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With the increased penetration of intermittent renewable energy sources (RESs) in future grids (FGs), balancing between supply and demand will become more dependent on demand response (DR) and energy storage. Thus, FG feasibility studies will need to consider DR for modelling net future demand. This paper proposes a generic demand model which represents the aggregated effect of DR in terms of a simplified market model of a FG. The model is based on a unit commitment problem aiming to minimise the system cost, and is intended specifically for modelling net demand by including the effect of DR in FG scenario studies. However, the model does not presume any particular market structure. As such, it is not suitable for modelling of existing electricity markets, but rather its aim is to capture the behaviour of future electricity markets provided a suitable market structure is adopted. The conventional demand model in the optimisation formulation is augmented by including the aggregated effect of numerous users equipped with rooftop photovoltaic (PV)-battery systems at higher voltage levels, without explicitly modelling the distribution level. In the model, the users are aiming to maximise self-consumption and are assumed to be price anticipators. As a case study, the effect of the demand model is studied on the load profile, balancing and loadability of the Australian National Electricity Market in 2020 with the increased penetration of RESs. The results are compared with the demand model in which users are assumed to be price takers.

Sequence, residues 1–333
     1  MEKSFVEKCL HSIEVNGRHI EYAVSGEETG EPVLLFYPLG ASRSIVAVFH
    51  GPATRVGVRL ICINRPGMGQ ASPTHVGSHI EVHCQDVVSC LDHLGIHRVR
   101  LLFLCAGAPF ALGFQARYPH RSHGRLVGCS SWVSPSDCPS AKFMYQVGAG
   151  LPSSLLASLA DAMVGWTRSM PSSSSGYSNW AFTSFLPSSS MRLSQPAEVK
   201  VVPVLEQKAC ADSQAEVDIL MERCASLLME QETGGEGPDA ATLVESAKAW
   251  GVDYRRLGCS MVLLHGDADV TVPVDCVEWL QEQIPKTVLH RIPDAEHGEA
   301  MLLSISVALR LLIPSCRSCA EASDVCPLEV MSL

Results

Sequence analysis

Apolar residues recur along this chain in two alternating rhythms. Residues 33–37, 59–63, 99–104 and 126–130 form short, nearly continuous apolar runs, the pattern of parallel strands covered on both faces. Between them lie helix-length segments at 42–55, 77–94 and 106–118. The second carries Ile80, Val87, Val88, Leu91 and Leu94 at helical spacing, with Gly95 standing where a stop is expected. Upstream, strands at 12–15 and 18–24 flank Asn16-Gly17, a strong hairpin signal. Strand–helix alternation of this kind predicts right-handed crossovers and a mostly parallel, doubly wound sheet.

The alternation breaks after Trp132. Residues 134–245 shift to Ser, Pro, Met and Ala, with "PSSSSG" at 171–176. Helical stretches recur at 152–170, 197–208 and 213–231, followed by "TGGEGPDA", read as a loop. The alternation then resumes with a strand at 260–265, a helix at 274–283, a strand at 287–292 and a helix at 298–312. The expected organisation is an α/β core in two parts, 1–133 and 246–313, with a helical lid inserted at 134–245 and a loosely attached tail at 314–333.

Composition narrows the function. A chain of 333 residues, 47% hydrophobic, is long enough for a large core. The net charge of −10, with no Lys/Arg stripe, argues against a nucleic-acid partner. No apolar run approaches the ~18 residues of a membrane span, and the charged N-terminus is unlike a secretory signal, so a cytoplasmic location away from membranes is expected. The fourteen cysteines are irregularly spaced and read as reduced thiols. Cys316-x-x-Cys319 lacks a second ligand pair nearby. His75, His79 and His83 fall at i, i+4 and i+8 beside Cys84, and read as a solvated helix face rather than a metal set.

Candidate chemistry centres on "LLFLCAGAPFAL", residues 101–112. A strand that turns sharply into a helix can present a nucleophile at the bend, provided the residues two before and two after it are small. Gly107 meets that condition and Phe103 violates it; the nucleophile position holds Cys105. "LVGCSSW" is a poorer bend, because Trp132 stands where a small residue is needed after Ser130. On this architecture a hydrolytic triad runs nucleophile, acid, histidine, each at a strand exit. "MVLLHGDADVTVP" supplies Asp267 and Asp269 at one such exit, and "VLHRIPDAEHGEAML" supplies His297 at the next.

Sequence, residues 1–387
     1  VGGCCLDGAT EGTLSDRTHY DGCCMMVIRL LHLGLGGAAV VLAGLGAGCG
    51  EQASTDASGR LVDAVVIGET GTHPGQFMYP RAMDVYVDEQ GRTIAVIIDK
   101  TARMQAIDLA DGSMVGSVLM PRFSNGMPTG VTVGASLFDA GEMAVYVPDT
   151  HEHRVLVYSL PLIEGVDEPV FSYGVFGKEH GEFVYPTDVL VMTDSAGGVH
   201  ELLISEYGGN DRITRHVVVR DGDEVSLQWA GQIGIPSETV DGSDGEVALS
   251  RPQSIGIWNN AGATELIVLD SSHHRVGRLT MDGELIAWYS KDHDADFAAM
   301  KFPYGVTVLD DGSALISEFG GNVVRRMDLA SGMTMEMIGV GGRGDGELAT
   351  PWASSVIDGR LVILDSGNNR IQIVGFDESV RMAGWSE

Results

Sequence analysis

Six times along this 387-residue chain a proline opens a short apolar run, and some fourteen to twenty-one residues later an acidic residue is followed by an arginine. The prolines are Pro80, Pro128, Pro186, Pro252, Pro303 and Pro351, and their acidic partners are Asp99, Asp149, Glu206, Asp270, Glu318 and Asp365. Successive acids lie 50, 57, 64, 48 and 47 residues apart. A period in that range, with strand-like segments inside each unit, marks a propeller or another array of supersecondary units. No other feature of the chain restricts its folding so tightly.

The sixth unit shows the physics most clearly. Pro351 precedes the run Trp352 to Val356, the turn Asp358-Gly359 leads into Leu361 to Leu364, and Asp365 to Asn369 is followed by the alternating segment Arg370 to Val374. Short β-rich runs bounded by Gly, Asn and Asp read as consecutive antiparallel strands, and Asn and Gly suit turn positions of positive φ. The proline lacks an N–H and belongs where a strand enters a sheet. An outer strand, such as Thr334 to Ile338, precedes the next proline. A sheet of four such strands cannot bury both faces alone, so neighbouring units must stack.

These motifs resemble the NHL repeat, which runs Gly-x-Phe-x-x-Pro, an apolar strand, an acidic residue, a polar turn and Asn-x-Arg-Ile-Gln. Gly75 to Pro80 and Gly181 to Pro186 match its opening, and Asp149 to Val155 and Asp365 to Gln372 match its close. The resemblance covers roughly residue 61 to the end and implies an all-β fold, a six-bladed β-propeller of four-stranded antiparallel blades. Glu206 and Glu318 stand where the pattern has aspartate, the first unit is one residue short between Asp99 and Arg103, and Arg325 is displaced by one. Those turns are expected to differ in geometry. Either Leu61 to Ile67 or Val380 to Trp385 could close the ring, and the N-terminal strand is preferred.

Journal: Sustainable Energy, Grids and Networks - Volume 5, March 2016, Pages 94–104